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Thailand's Prime Minister Prayuth Chan-ocha (R) and Deputy Prime Minister and Defence Minister Prawit Wongsuwan look on before a weekly cabinet meeting at Government House in Bangkok, Thailand, January 4, 2017. REUTERS/Athit Perawongmetha(reuters_tickers)
BANGKOK (Reuters) - Thai Deputy Prime Minister Prawit Wongsuwan said on Wednesday a general election will be held this year after doubts were raised by a member of the national legislative assembly.
Thailand's next polls will restore civilian rule following a 2014 coup, and will be the first under a new constitution, approved in a referendum last year, that critics say will ensure military oversight of elected governments.
"We can't move it. It has its time frame. What the National Legislative Assembly has said is their problem," Prawit, who is also defence minister, told reporters in Bangkok.
A member of the military-appointed National Legislative Assembly said on Monday the election would have to be delayed until 2018 to allow time to pass laws needed to hold it.
Prime Minister Prayuth Chan-ocha, a former army chief who led the 2014 overthrow of the last elected government, has sought to dispel concern his military government might delay the restoration of democracy, dismissing talk among politicians that the vote would be delayed.
"In terms of the roadmap, you mustn't heed what anyone else says," Prayuth told reporters in Bangkok.
The army said the 2014 coup, the second takeover in six years, was necessary to restore stability after months of sometimes deadly street protests against the government of Prime Minister Yingluck Shinawatra.
Some Western governments have pressed for a swift return to democracy.
The junta has struggled to kick-start a lacklustre economy which, after years of impressive growth, is struggling amid high household debt and low consumer confidence.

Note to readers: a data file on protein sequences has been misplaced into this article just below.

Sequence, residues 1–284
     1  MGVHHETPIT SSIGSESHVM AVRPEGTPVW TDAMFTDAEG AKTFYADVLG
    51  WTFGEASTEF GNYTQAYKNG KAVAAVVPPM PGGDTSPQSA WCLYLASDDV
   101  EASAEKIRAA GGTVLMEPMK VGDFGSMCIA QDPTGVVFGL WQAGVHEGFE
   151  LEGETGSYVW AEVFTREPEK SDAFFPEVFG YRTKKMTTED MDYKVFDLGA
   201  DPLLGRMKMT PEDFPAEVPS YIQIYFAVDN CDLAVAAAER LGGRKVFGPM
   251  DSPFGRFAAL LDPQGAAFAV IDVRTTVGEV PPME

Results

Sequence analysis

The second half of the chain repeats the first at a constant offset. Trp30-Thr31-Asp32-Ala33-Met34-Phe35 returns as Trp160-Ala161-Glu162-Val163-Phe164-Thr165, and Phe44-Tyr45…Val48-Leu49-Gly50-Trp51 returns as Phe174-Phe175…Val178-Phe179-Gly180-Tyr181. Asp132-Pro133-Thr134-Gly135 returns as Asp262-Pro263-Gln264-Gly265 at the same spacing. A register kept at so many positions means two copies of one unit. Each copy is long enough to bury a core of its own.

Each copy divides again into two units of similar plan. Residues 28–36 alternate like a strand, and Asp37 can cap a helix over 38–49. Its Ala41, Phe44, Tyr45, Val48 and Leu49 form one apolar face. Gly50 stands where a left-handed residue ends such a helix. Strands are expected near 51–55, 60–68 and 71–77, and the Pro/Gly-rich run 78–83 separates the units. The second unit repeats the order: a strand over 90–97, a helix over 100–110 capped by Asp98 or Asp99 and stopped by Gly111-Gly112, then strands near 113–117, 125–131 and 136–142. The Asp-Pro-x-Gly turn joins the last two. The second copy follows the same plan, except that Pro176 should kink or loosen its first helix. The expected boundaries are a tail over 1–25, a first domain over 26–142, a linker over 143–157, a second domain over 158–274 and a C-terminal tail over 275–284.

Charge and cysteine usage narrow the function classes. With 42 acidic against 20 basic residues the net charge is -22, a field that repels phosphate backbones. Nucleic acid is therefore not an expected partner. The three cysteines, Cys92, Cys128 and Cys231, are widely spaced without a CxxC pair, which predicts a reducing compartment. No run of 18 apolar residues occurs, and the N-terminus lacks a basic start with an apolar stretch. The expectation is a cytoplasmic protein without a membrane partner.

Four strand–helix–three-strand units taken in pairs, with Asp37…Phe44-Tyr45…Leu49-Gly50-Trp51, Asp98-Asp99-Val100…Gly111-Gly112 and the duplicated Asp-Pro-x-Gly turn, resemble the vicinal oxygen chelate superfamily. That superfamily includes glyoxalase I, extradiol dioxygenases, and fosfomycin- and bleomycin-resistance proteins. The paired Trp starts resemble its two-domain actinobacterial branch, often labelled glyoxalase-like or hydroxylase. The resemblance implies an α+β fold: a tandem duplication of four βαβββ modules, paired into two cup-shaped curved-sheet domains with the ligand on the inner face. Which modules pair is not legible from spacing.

The next step in the transition back to civilian rule is for new King Maha Vajiralongkorn to endorse the new constitution.
The king, who came to the throne following the death of his father, King Bhumibol Adulyadej in October, has until next month to do so.
Critics say certain elements of the constitution could stifle democracy including a provision establishing an appointed upper house Senate with seats reserved for military commanders.
Some politicians have suggested that the election should be postponed until 2018 because this year, the country will be focusing on preparations for the cremation of the late king and the subsequent coronation of the new one.
Amnuay Klangpa, a former lawmaker from Yingluck's party, urged Prayuth to stick to his word on the election timing.
"I hope the prime minister keeps his word and holds elections according to the government's roadmap at the end of this year," he said.
(Reporting by Amy Sawitta Lefevre, Cod Satrusayang and Pracha Hariraksapitak; Writing by Amy Sawitta Lefevre; Editing by Robert Birsel)